Even if we are to define a species in terms of reproductive isolation, we’re still missing something critical. How can we even begin to comprehend life on Earth without considering the places where the lives of particular species, however defined, interact with each other? Return with me to the aspen grove, starting to turn a warm gold as the Earth’s spin brings the sun low. The forest is home to innumerable insects, including a moth so notorious that it’s known by the name of its larva: the western tent caterpillar. In spring, the fuzzy and very hungry larvae munch on the ovoid aspen leaves, part of a relationship that has existed for an untold length of time. These caterpillars can’t break down all the nutrition locked in the cell walls of the aspen leaves on their own. Instead, they rely on symbiotic bacteria that live within them and create an enzyme—cellulase—that allows the caterpillars to feed voraciously as they prepare for their metamorphosis.
A biologist could draw stark lines between the aspen, the caterpillar, and the microbiome within the insect, each with its own name and place on the Tree of Life. That’s certainly a very clean and neat way to organize nature. But what would a tent caterpillar be without the microorganisms that let it feed—or the aspen without the creatures that live within it and feed upon it? And then there are microbial organisms themselves—which are everywhere but so small that we are blind to their world—that can share genes between themselves, circumventing what we might think of as well-defined lines of descent and instead creating a great, big genetic mess. At this point, the imagery of a single Tree of Life starts to tremble.
We could easily draw a hard line and say that the interactions between organisms or species is the realm of ecology, expressions of life rather than part of its definition. The Tree of Life is dictated by its own branch of science, phylogenetics, and the experts of that discipline make the rules. But viewing each species only in terms of its size, color, genetic signature, and range is like trying to cram biology into a baseball card format from which we get the basic stats but no real depth of understanding. Evolution, after all, is reliant on the constant and often-imperceptible interactions between any given organism and the world around it, not just the abiotic details like temperature and annual precipitation but also the small moments when life connects to life.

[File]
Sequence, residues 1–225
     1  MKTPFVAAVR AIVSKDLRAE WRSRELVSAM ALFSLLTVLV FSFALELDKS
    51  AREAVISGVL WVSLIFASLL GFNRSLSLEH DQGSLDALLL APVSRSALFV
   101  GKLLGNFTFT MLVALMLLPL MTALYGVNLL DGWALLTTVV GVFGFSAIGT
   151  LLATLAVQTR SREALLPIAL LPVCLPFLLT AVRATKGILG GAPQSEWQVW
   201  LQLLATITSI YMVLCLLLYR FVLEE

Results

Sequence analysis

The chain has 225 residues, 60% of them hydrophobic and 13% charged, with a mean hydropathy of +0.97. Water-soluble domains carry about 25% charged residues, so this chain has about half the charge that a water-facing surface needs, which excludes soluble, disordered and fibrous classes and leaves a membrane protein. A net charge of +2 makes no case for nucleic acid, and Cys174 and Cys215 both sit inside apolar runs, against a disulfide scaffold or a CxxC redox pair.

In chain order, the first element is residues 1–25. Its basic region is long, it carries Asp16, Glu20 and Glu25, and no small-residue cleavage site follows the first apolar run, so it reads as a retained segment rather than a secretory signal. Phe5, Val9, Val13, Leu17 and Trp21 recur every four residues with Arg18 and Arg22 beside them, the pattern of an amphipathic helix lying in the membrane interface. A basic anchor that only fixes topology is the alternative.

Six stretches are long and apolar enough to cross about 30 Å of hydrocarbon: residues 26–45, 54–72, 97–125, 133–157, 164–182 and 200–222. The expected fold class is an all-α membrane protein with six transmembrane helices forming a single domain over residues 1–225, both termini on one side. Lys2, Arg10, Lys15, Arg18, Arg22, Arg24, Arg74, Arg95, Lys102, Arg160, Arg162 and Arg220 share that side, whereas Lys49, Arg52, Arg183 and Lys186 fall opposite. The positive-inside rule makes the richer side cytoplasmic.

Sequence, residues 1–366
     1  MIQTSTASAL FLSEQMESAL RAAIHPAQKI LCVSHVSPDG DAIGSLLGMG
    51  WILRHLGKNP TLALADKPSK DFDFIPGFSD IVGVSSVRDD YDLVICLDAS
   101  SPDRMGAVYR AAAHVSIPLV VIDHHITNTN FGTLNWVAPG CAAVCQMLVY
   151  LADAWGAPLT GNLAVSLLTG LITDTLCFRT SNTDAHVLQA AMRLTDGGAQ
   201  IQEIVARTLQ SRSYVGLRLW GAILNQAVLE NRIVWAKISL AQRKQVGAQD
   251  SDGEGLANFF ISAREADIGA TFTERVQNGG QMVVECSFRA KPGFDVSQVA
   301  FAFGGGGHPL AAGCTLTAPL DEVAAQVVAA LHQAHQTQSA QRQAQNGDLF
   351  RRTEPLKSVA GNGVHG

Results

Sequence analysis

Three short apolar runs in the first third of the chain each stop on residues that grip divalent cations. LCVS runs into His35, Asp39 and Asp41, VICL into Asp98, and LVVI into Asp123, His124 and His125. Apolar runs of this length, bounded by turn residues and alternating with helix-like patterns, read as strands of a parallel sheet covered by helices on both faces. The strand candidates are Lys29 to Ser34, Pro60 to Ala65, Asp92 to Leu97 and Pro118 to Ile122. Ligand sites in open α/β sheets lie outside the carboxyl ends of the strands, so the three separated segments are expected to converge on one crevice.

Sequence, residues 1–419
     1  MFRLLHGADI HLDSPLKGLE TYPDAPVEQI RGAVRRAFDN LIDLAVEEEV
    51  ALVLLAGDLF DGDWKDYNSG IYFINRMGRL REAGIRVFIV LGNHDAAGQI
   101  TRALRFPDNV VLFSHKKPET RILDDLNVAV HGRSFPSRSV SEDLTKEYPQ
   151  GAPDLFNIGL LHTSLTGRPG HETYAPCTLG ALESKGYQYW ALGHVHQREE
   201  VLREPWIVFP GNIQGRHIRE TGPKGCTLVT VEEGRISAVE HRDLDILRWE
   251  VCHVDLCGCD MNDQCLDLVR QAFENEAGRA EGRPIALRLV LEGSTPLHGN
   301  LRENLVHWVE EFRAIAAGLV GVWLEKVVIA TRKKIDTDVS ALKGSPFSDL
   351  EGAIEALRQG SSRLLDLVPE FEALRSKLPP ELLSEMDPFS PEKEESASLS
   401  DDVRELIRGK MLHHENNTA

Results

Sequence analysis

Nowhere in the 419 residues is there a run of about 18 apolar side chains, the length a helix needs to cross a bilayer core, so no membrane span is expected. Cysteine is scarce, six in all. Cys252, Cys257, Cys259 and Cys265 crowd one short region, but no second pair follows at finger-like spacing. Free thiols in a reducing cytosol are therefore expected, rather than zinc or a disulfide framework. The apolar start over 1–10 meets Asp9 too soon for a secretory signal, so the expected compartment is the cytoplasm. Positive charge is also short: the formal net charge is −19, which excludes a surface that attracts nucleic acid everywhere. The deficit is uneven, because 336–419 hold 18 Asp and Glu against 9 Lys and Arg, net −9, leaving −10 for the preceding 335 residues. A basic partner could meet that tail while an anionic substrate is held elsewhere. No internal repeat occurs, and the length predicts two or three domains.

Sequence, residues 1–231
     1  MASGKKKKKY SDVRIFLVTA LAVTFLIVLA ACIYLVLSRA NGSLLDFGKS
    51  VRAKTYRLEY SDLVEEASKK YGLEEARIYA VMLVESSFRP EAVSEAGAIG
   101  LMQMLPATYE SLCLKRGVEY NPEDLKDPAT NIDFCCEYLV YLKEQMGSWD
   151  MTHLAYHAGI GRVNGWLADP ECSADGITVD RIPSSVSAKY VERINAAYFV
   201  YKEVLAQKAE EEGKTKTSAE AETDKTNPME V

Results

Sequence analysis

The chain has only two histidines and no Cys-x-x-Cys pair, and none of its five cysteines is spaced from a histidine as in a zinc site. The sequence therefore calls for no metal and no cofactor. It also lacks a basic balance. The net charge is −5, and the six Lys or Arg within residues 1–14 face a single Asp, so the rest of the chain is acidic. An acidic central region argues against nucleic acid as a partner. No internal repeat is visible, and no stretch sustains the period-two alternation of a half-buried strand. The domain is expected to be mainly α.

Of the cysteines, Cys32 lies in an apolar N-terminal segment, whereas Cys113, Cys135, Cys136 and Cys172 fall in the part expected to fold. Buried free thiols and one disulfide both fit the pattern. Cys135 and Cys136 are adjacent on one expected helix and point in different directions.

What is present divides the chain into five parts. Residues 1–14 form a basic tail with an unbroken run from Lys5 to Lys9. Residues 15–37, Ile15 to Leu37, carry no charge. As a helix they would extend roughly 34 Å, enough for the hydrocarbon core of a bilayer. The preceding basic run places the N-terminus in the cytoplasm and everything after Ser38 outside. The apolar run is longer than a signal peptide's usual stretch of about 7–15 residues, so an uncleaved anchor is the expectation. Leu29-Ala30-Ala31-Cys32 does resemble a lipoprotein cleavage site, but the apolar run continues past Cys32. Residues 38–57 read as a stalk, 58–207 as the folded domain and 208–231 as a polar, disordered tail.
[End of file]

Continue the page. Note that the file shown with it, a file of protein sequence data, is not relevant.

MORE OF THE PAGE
There is accuracy, and even poetry, in the idea of a single Tree of Life. Even as some of the branches shift or shake with new discoveries, all this cogitation has provided us with a bare outline—a dendrological skeleton—from which we can perceive broader lessons. In striving to assemble such an encompassing tree, we have found that all life on Earth is descended from a common ancestor. These organisms were not necessarily the first life on our planet (we are entirely in the dark about how many potential life-forms or evolutionary spinoffs there were early in Earth’s history), but they are the primordial root back to which we can follow any life. I can’t help but be in awe of that fact, an idea so large that I feel like it’ll jump out of my hands if I try to hold it too tightly. I came from somewhere, and perhaps that’s why I find myself drawn further and further into the tangle of these questions. Even if I were entirely adrift and on my own, I’d still have family: a menagerie of organisms relevant to my past, my story. I understand who I am through these connections, the unbroken tissues of the Tree of Life that can bring me in touch with times and places I feel like I know but can never visit.
Knowing that the Tree of Life grows according to our ideas and theories allows us to question what shape life really takes. If I am to think of myself as a single leaf, perhaps beginning to show some signs of orange with the coming of my own autumn, then the Tree of Life I envision is more like an immense aspen. You can start with any leaf, any branch, and follow that growth all the way down to the root, belowground, where each trunk is connected to the others. No particular trunk is better than the others, nor is any expression of the tree disconnected from the whole. An aspen grove is a tangle of living things, beautiful because it’s so difficult to comprehend in its entirety. The life that relies on and lives within these groves is a reminder that species are not just self-contained entities but entry points into constant interactions—from the cellular level up to what you can see with the naked eye—that are no less important in knowing an organism’s identity and role in the broad panorama of life. To me, the Tree of Life is an aspen, a buzzing, whispering, swaying riot of life so encompassing that sometimes we forget we’re part of it.
This article first appeared in Atmos Volume 07: Prism with the headline “Uprooting the Tree of Life.”